Colorectal cancer, according to the U.S. Centers for Disease Control (CDC), is the third leading cause of cancer-related deaths in the nation. It typically occurs when an abnormal growth or tumor called a polyp appears on the colon or large intestine. However, experts say that with a little due diligence, colorectal cancer is also one of the most treatable and curable cancers.
Practicing good colon preventive health necessitates getting screened with a colonoscopy, says Dr. Frank Gress, chief, Division of Gastroenterology and Hepatology and medical director, Center for Interventional Endoscopy. A colonoscopy utilizes a small camera to get an in-depth visual of the large intestine and allows for a biopsy or removal of polyps. The American Cancer Society recommends a first colonoscopy at age 45 for people of average risk.
When colon polyps are identified and removed, doctors have the opportunity to prevent cancer from developing. “If no polyps are found, patients do not have to come back for 10 years,” says Dr. Gress. If polyps are discovered, they will be asked to come back sooner for surveillance.
Other means of detecting colorectal cancer include stool tests, which search for blood in the feces, and blood tests. “If either of these tests come back positive, you still have to get the colonoscopy,” notes Dr. Gress.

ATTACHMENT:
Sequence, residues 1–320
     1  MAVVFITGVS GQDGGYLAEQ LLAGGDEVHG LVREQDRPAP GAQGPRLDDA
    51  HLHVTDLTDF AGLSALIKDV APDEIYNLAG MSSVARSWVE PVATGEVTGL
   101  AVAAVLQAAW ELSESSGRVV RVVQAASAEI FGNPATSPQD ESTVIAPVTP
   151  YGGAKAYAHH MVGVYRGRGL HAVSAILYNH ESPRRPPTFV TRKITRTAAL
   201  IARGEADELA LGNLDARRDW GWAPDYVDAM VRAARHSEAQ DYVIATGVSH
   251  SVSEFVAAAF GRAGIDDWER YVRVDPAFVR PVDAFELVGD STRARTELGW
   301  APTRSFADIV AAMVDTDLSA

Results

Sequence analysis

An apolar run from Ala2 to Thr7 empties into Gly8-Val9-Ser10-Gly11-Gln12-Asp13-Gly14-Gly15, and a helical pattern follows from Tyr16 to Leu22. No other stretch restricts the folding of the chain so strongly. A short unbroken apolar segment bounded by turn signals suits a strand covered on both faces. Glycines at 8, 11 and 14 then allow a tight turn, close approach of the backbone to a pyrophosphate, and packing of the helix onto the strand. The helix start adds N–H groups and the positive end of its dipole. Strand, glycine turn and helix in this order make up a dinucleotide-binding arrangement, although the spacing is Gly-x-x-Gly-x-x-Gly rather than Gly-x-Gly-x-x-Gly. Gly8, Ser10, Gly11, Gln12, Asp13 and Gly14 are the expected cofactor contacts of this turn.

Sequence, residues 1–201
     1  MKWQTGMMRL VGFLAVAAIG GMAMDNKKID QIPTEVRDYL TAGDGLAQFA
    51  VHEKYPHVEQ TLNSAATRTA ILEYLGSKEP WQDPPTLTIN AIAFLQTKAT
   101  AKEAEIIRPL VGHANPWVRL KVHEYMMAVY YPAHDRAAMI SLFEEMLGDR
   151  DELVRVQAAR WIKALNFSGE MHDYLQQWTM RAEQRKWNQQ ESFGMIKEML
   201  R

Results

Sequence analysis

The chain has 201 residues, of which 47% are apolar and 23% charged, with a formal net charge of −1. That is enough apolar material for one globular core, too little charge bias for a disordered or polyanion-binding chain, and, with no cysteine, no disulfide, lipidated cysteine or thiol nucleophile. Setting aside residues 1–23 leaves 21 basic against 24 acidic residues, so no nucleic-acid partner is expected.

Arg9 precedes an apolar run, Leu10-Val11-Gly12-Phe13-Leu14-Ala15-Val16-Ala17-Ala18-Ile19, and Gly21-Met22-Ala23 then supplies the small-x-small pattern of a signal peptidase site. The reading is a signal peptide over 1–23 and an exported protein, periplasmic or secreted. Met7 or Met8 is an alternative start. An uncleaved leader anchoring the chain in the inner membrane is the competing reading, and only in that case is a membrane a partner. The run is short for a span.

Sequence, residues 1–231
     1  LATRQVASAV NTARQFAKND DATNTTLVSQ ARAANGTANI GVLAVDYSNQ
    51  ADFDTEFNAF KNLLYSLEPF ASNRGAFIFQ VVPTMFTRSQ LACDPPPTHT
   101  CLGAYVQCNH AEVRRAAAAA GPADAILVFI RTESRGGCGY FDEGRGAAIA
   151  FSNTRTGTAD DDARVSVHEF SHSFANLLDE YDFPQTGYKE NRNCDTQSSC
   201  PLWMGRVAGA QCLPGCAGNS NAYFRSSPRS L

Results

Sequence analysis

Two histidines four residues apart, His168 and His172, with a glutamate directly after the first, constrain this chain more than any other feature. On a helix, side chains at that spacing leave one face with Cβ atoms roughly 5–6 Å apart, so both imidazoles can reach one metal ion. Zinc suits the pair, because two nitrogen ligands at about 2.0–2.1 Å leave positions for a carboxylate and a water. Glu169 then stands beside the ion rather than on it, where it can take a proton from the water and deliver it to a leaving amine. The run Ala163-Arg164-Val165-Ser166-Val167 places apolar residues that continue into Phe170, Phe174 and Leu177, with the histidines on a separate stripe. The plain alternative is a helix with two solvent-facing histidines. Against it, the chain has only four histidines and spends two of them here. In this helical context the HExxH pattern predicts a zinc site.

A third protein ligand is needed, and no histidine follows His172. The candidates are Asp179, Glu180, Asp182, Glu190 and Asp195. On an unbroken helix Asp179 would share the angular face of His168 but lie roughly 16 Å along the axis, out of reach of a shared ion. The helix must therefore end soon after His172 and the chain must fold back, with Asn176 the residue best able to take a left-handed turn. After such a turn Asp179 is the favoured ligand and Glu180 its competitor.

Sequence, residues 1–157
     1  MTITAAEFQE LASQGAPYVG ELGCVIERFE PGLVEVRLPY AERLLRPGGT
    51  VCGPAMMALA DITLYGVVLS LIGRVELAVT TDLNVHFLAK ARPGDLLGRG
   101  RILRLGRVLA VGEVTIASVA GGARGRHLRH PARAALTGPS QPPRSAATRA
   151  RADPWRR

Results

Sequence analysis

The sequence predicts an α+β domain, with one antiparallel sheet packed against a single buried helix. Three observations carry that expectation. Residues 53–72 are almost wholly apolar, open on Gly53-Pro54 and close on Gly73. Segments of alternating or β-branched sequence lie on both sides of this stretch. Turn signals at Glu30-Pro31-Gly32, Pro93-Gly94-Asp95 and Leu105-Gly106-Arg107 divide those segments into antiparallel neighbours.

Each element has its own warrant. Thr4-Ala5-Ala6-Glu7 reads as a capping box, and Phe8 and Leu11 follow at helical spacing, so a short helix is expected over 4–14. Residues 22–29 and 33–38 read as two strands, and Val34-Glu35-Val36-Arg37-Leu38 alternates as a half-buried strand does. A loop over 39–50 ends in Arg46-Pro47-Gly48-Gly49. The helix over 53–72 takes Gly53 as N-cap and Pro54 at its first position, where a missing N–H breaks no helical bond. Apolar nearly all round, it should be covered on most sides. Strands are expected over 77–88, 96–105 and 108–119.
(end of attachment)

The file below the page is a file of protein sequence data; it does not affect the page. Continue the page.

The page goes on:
Early warning signs of colorectal cancer include a change in bowel habits, unexplained abdominal pain, rectal bleeding, and unexplained weight loss. Dr. Gress advises a visit with your primary care physician if you experience any warning signs.
While you can’t control every risk factor, such as your family history, there are proactive measures you can take to reduce your chances of getting colorectal cancer, according to Deborah Nagle, M.D., F.A.C.S., F.A.C.R.S., chief, Division of Colon and Rectal Surgery, Stony Brook Cancer Center. “Diet, weight, alcohol, smoking—all the things that we know are general risk factors for many types of cancer absolutely affect colorectal cancer,” she states. Avoid red meat and processed foods; include fiber in your diet. Exercise to normalize body weight, she suggests.
While research is limited, says Dr. Nagle, vitamin D and calcium, as well as probiotics, may offer some protection. “Keeping bacteria in that healthy balance helps to protect the lining of the colon.”
Treatment of colorectal cancer is evolving and becoming more personalized, says Dr. Nagle. “What that means for cancer is that we can run genetic tests on someone or on a family member to better understand what drugs or treatments might give the best possible outcome.”